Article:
Interesting email from a reader:
I read AS IF! religiously. I wanted to tell you about censorship that occurred last year in my school. I am 12, last year my old teacher selected a book for the class to read. There was no sexual content or anything. It was one word: "jackass". He would not let us finish it (but I did independently without his knowledge). My teacher told us he's a afraid of "parent complaints".
By the way here's a interesting censorship poem you may want to read.
Proud bookworm anti-censor,
Stargirl Thanks, Stargirl! Personally, I think you're right to be annoyed by your teacher. If there's one thing I know from my work with censorship issues, it's that almost all of us, no matter our age, really resent being told what we can and cannot read or hear, especially when those decisions are being made as a result of fears about what "someone else" might think.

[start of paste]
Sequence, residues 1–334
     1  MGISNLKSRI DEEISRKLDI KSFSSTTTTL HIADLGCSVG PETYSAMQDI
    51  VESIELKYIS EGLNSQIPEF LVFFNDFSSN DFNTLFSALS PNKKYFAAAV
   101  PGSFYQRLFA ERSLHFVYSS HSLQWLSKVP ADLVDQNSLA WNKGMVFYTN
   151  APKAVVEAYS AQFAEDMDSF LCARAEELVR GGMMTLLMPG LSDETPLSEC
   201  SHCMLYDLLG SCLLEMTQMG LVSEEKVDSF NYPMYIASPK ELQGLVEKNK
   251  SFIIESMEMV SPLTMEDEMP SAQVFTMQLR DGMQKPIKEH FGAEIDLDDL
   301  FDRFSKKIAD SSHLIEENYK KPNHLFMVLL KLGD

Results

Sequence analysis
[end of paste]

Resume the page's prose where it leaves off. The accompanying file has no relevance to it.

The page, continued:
There are lots of healthy, interesting debates to be had about the content of individual books, not to mention the whole question of "age-appropriate." But I've said it before and I'll say it again: these debates should be done in public with as many people as possible getting a chance to have their say, including the kids involved.
Why? Because no matter the outcome of the debate, the community gets a chance to talk about its shared values. If a book is banned, people who don't agree know about it, and maybe get activated to change things. If a book isn't banned, values that I cherish, like intellectual independence and the freedom to read, are upheld and reinforced. But either way, people interact, and that is always a good thing. In my experience, the more a community really talks about books and libraries, the less these censorship controversies arise.
Keep fighting for books! And thanks for writing.